Time line for the IA over IB1 and IB2

Assuming (rather North-centric says Lady Bell, my feisty 152.6 cm Aussie wife!) a school year from August to June, here is what *my* time line has looked like for the past years.

1. August Year 1: The IA is introduced during class for IB1 within the first week as “…an obligatory component comprising 20% of your total grade…where you get to put in almost as much time as you wish…” I make sure that all IB criteria and recent boundaries are on the home page for them, get Bell to paste my wall with a nice big blank section of poster paper – and then fill in the basic criteria with the help of the students. I make sure that silly drawings are included in that such are excellent “memory hooks” and, well, even teachers get to have fun.

WB - bell writes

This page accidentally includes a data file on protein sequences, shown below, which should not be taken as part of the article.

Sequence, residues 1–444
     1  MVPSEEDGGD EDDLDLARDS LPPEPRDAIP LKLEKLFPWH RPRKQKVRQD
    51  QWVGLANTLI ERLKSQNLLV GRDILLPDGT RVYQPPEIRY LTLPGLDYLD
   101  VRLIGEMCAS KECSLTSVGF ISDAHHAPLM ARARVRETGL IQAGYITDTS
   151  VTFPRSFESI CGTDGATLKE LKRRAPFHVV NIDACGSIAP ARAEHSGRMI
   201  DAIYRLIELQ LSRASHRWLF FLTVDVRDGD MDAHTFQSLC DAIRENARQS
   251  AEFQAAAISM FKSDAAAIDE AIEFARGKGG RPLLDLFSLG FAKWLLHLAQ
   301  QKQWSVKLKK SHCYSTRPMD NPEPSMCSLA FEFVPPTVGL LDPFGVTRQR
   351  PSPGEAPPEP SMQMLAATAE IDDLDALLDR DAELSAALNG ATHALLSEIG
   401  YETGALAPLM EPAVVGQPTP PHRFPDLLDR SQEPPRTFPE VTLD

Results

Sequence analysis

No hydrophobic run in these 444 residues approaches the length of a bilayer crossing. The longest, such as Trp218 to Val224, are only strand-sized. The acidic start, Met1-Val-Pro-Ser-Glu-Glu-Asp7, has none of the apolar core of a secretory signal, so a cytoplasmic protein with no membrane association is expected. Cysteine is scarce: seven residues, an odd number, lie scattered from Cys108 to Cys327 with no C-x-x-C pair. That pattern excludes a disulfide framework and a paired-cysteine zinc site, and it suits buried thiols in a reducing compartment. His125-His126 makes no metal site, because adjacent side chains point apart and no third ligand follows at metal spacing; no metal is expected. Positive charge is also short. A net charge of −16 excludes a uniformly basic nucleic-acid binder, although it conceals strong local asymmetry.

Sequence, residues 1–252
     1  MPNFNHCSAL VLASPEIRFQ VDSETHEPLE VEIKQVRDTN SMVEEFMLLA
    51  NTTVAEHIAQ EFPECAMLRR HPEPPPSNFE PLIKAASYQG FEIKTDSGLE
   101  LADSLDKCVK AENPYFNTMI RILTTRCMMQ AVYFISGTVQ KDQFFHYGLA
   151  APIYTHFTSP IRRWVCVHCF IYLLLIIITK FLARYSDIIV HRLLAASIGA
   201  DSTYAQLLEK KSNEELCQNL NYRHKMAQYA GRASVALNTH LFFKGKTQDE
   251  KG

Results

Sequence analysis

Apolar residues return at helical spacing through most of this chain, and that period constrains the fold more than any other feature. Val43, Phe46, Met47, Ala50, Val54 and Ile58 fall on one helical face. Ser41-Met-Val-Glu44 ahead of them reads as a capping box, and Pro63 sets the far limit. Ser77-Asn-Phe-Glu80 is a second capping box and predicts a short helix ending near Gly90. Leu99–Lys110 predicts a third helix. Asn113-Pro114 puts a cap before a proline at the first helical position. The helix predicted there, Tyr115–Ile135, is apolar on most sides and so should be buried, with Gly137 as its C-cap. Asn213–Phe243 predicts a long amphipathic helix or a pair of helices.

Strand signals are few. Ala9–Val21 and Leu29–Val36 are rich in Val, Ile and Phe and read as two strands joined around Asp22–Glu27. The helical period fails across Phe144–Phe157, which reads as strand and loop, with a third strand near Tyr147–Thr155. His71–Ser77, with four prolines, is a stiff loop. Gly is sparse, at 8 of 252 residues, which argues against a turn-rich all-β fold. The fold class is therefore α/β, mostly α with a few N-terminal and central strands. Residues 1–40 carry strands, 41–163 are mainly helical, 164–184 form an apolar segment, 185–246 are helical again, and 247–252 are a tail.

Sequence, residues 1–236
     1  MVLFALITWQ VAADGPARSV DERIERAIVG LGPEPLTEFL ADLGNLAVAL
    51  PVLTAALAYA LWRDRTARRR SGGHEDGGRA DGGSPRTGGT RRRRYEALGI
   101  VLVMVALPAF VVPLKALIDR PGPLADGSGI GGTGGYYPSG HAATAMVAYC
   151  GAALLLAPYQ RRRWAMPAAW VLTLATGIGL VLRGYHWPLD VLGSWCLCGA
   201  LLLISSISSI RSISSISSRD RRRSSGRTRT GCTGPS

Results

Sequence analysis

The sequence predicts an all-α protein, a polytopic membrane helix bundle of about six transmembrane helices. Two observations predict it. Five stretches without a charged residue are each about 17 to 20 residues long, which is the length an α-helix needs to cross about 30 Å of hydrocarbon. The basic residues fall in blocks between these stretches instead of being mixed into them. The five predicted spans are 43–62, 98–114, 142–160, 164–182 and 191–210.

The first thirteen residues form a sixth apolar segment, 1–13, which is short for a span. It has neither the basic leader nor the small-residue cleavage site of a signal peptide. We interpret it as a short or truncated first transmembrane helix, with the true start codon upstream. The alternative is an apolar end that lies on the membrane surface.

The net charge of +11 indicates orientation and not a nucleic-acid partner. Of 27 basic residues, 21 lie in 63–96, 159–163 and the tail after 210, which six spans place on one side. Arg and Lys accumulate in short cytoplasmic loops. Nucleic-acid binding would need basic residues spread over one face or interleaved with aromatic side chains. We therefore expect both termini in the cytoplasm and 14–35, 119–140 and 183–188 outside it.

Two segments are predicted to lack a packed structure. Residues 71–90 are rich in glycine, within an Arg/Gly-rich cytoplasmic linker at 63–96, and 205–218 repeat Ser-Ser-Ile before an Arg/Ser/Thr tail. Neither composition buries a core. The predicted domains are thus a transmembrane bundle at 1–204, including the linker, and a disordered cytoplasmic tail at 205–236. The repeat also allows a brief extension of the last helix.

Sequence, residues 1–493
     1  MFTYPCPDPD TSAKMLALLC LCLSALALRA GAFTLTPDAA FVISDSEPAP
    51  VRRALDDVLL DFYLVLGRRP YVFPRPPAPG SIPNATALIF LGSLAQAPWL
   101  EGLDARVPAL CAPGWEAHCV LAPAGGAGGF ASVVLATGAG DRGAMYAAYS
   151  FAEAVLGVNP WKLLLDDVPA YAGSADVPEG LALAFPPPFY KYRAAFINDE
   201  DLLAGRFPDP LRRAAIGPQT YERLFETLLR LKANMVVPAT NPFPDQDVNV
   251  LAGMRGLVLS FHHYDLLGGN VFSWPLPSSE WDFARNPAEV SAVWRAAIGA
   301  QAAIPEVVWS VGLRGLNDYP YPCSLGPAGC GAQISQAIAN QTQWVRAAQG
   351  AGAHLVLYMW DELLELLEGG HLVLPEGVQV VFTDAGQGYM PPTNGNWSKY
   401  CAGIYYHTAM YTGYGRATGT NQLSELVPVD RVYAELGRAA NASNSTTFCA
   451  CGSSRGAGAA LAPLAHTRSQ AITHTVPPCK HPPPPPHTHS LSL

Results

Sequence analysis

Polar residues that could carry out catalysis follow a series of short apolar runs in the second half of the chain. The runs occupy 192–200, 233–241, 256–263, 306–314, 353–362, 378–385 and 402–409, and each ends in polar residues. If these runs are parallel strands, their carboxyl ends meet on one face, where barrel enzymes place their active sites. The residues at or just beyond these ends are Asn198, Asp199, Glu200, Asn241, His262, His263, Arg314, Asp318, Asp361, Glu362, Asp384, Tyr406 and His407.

Lady Bell often sneaks in to my room to leave coffee and cookies – and to add to my whiteboard.

I outline the time-line (with their acceptance of course) and this goes on the homepage for all to see. Never will I accept “…oh, I didn’t know the deadline…”

2. August – October Year 1: IA is referred to consistently during in-class economics scenarios where I use my daily BBC droplets to point out how/where one could use economic concepts and theory. I take pains to point out the grading criteria used. Students are issues with the “IA kit” and exemplar portfolios on line. At some point before IA hand-in number one we have a grading session on a few portfolios in class so they can get a “feel” for what the demands are. This replaces the “dry-run” I used to do…long ago…in the days of Yore and Ivied Castles all around…before I was swamped with students. There is simply no time.